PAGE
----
The oil tax referendum: Competition matters

At current prices and costs it appears that ACES and SB 21 would bring in about the same amount of revenue now. Where they differ is what happens at higher prices.

ACES was enacted in 2007. The progressivity structure imposed very high taxes at high prices. It eliminated nearly all upside potential: the ability for producers to make somewhat proportionally more money when oil prices are high.

For instance, if oil prices were to get to $140 per barrel again, the marginal tax rate under ACES would be about 90 percent. That means every time the price goes up $1, the government would get 90 cents of that dollar. 

Upside potential is important in shaping investment decisions, in large part because it offsets low price risk. When investors evaluate opportunities they incorporate future oil prices. There is much uncertainty about prices so they evaluate projects over a range of outcomes. Economic feasibility depends on upside potential being able to offset downside price risk. So what happens on the upside can have a big impact on results.

Even if upside potential is of relatively low probability, so much money can be made when it does happen that it can make a project worth developing. But if upside potential is suppressed, like it was under ACES, it may not be worthwhile to develop the project.

A fundamental principle of oil development is that oil does not produce itself. Be it old or new oil, it needs capital. The capital comes from the debt and equity of the corporations. These investors have lots of opportunities; their capital is fluid, but finite, and it goes to where it gets the best deal. Jurisdictions have to compete for it.

Alaska competes with other jurisdictions with similar risk/reward profiles in regards to reserves, cost, risk, and operating conditions. These would include other North America jurisdictions, Arctic jurisdictions, other tax and royalty regimes, and places with similar production/reserves. The average government take (total taxes and royalties going to state and federal governments as a percentage of pre-tax profit) in these places is about 60 percent.

Under ACES at a $140 per barrel oil price, the government take would be about 73 percent. That 13 percentage-point difference would be worth about $1.8 billion per year. Investors could demonstrably make more money in nearly any other place than Alaska with similar development conditions.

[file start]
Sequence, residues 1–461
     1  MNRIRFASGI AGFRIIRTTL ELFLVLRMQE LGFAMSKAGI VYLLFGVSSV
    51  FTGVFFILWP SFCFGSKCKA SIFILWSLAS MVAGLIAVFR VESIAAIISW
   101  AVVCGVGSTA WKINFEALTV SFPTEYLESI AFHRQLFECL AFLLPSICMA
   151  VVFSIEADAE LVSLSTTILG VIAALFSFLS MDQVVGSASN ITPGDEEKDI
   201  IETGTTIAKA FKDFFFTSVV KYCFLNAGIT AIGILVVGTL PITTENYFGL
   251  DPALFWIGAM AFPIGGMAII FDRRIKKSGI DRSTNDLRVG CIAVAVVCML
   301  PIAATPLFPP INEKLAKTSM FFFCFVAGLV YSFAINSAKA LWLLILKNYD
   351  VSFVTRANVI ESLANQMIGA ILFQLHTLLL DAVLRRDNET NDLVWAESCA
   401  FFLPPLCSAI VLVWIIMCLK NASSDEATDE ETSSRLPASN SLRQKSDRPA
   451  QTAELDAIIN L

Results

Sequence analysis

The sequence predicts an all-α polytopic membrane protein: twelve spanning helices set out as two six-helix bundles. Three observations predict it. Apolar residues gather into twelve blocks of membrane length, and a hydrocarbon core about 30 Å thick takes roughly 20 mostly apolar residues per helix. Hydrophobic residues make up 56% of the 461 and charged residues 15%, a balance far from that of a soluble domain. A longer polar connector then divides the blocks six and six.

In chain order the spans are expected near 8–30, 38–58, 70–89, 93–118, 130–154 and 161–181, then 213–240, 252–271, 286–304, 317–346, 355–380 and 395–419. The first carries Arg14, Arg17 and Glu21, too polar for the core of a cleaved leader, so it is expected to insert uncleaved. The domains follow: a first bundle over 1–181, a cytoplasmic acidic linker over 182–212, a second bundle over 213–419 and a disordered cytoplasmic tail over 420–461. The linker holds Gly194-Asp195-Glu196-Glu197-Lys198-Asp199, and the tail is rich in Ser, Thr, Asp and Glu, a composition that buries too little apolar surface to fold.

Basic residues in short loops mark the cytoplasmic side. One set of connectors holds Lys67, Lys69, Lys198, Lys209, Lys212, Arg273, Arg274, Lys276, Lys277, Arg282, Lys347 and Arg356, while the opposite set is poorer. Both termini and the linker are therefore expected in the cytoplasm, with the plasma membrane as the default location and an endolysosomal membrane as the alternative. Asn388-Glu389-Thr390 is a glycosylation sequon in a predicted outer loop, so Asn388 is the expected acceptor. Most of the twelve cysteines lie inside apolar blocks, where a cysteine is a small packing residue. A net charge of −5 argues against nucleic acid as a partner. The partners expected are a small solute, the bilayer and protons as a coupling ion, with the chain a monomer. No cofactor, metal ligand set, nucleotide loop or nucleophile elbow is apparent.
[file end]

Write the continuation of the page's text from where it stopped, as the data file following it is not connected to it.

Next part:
Why would they want to do business here? Even if it was profitable, it was more profitable elsewhere.

In 2007, there was upwards of $60 billion in infrastructure from past investments on the North Slope that had nowhere to go. It was “captive” investment. This infrastructure was put in place to produce oil over an extended number of years, including the present and the future.

So, after 2007, production from that past investment continued, paying higher taxes. The state made lots of money, and some of that money no doubt did good things, but it came at a price.

Since 2007, oil prices have gone from a $60 per barrel world to a $120 one. Investment should have soared. Worldwide, between 2007 and 2012 upstream capital outlays for exploration, development, and production increased 60 percent adjusted for inflation. Here, instead, it increased only 16 percent.

As a result, in 2013 the outlook for production under ACES was only 300,000 barrels per day in 10 years, and 200,000 in 15 years. Yet the additional oil is clearly there.

Where the state constitution calls for resources to be used for the maximum benefit of its people, that must mean future generations, as well.

The tax rates under SB 21 are more in line with the competition. If producers can earn here what they earn in other places, they should invest here like they invest in other places.

Production will likely increase relative to ACES. While it is impossible to say exactly how much more, even at higher prices it would only take a modest amount of additional production over the ACES forecast for SB 21 to bring in more total petroleum revenue (including royalties, property taxes, and state corporate income taxes).

In the early 1960s when the state was deciding how to develop its land, it could have started its own state-owned oil company. Rather, it chose to open up its resources to the world through the competitive bidding lease system.

The experience, expertise, and capital of multinational corporations was brought here to explore and develop. The lessees made the monetary outlays and incurred the geological risk. Development proceeded from market forces.

Fair share is what you can get in a competitive environment.

Roger Marks is a petroleum economist based in Anchorage.

11/21/2016 - 4:44pm